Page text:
The sympathetic refurbishment of Loch Ossian Youth Hostel underlines the SYHA's original commitment as a not-for-profit body to provide accommodation in some of Scotland's more remote but most beautiful areas. A former boathouse on Loch Ossian, the hostel building was first leased to the SYHA in 1931, providing walkers, ramblers and nature-lovers with comfortable but basic accommodation in a highland setting. Unfortunately, the years had taken their toll on the building and its fabric was badly in need of more than just routine maintenance to keep it standing. The result has been a hugely successful environmental project for the SYHA, which has included a renovated eco-friendly structure, renewable energy, ecologically sound water and waste disposal systems, which take into account the fragile local environment.

PROJECT NAME: CS22 - Stirling's Biodiversity Trails

CONTACT: Chris Waddell

LOCAL AUTHORITY: Stirling

OTHER PARTNERS: Tourist Development Stirling Council, SNH, LL&TNP

PHONE: 01786 442768

PROJECT SUMMARY:

This leaflet identifies existing sites in the Stirling area that have good parking and are easily accessible by foot, public transport or car. Four thousand leaflets were printed for launch in 2003, and can be viewed on the Stirling Council 38 website. In order to engage people with biodiversity, and to provide easy access, a leaflet based on a biodiversity trail was designed. The leaflet highlights places that are easy to get to, but which were not necessarily well known to locals or visitors. The leaflet and biodiversity trail informed the local business community of the investment potential of biodiversity through increased revenue generated by higher visitor numbers. As well as the trail being an educational resource about safeguarding local biodiversity, the trail also provides a tourist orientated focus on the landscape and biodiversity of Stirling and the National Park, and acts as a prompt to local eco-tourism businesses.

PROJECT NAME: CS23 - Beinn an Tuirc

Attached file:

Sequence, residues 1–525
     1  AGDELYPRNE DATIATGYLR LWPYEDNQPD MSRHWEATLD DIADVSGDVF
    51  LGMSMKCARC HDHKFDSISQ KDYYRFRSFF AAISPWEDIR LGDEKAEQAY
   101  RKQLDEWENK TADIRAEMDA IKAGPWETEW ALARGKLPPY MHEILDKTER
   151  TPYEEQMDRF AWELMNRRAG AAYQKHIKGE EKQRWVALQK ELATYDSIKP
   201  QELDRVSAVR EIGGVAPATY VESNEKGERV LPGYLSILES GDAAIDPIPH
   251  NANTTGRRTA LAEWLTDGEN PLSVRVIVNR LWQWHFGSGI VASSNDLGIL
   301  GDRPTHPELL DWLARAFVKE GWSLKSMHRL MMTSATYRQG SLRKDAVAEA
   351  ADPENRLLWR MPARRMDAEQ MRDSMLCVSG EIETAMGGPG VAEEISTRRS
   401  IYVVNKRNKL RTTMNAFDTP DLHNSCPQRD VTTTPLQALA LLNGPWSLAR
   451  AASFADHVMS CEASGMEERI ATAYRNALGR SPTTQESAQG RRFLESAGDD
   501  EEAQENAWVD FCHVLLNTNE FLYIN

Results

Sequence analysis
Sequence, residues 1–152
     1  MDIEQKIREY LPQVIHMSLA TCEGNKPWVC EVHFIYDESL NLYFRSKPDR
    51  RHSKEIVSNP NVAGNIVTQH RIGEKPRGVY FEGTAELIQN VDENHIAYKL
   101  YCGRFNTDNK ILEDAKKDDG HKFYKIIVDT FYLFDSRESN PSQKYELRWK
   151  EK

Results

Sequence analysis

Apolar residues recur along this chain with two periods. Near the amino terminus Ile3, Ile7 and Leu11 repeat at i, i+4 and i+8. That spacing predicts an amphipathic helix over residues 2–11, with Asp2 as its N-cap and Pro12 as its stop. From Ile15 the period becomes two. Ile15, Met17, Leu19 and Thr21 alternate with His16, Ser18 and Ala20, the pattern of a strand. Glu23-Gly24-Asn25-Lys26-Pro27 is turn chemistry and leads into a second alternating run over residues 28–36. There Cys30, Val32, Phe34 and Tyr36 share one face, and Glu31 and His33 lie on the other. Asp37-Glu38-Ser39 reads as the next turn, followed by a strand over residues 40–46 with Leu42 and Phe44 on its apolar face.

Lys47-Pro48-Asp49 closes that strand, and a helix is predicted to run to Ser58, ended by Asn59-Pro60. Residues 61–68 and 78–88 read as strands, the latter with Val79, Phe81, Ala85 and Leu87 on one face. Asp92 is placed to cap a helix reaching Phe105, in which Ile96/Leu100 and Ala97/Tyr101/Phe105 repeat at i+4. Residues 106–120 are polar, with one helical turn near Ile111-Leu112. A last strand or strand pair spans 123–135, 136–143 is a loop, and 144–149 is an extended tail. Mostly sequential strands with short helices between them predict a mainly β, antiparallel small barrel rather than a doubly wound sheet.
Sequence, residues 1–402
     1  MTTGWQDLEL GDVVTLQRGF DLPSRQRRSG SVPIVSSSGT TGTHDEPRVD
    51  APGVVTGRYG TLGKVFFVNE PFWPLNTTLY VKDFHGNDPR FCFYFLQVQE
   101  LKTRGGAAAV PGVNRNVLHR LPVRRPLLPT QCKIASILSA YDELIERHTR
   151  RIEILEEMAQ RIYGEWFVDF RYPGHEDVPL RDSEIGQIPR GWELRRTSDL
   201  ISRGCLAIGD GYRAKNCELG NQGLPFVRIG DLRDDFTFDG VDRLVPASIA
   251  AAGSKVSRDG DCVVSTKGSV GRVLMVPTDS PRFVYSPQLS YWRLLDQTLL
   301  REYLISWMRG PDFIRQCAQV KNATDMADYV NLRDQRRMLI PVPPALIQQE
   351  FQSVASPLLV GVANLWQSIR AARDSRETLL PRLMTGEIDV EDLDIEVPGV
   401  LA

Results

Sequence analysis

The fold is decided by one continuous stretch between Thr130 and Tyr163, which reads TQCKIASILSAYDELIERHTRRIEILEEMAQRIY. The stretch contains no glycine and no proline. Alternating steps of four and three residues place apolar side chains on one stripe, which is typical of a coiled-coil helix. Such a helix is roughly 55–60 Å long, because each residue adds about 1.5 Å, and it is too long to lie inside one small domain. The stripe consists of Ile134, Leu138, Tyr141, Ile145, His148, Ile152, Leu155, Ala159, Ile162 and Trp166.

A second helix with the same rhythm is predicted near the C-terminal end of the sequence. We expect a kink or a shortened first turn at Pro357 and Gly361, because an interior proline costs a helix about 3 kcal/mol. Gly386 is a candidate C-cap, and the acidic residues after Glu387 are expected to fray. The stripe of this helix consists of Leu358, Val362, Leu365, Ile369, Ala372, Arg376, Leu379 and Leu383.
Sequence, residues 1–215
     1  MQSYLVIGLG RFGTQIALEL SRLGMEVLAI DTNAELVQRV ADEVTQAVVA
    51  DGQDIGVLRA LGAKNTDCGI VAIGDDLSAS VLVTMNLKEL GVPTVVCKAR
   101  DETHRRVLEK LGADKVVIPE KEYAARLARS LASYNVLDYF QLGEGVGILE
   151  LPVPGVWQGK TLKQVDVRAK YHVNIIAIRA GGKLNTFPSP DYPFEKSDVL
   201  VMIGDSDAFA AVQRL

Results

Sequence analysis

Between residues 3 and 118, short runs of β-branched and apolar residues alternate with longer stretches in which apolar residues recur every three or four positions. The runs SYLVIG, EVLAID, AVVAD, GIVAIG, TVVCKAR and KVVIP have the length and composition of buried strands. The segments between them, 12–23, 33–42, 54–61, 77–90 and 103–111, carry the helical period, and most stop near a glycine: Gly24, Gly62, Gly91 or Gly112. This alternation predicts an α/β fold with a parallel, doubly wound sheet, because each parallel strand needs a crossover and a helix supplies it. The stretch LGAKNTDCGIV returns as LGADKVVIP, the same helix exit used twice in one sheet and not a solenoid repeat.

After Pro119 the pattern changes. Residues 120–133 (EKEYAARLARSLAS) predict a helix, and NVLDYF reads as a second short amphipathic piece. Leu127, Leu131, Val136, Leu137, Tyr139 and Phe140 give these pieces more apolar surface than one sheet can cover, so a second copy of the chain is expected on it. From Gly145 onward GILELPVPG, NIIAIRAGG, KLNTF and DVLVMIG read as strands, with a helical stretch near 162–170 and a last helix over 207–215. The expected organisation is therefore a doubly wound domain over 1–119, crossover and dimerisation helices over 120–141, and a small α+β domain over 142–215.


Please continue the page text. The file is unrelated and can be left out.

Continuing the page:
CONTACT: David MacArthur

LOCAL AUTHORITY: Argyll & Bute

OTHER PARTNERS: Scottish Power, Management Committee (SNH, RSPB Scotland, Argyll and Bute Council, Scottish Power)

PHONE: 0141 568 2992

PROJECT SUMMARY:

Beinn an Tuirc Wind Farm is 10 miles (16 km) north of Campbelltown. The 680 ha (1,680 acre) site lies on the slopes of Beinn an Tuirc, which is the highest hill on the Kintyre Peninsula. Brian Wilson, the Government Energy Minister, opened the wind farm in 2002, which cost 21 million to construct. It comprises forty-six turbines, each standing 40m (130 feet) high and capable of generating 600kW of power. Despite the relatively remote location, care was taken to minimise the visual impact of the turbines as seen from local villages. A condition of the development required the protection of a pair of endangered golden eagles, which ranged over the area. This involved the clearance of trees to create a moorland habitat for red grouse and hare, intended to act as prey for the eagles and divert them away from the turbines to minimise the risk of collision. The farm is owned by Scottish Power, who has appointed a ranger to manage the local environment and ensure continued protection for the eagles, together with other species, including black grouse.

PROJECT NAME: CS24 - The Islay Wave Bus

CONTACT: Michael McRae

LOCAL AUTHORITY: Argyll & Bute

OTHER PARTNERS: C&H Bradbury Ltd (for Greenpeace), Islay Development Company (IDC), Wavegen, Scottish and Southern Energy plc, Argyll and the Islands Enterprise (AIE)

PHONE: 01355 806858

PROJECT: